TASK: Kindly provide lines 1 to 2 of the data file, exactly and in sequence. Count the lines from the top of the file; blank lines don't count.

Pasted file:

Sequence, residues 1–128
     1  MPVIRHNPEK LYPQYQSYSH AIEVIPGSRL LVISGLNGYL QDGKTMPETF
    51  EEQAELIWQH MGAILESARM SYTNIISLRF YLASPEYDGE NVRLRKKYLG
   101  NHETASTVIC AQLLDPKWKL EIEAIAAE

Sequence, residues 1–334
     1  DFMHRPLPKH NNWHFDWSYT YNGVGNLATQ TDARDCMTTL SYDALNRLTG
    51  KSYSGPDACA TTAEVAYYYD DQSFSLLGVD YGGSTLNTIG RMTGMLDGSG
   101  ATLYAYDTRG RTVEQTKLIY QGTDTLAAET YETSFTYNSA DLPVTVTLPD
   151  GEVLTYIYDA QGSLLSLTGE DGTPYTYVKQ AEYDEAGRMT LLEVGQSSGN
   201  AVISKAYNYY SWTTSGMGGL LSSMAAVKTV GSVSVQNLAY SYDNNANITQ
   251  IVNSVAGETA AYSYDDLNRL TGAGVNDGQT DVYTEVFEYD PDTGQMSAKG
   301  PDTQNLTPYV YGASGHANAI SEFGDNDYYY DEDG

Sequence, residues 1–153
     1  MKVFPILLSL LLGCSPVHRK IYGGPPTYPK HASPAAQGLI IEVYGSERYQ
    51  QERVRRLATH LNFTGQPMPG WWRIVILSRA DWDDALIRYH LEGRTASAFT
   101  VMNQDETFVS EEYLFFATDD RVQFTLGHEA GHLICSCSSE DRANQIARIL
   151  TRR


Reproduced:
Sequence, residues 1–128
     1  MPVIRHNPEK LYPQYQSYSH AIEVIPGSRL LVISGLNGYL QDGKTMPETF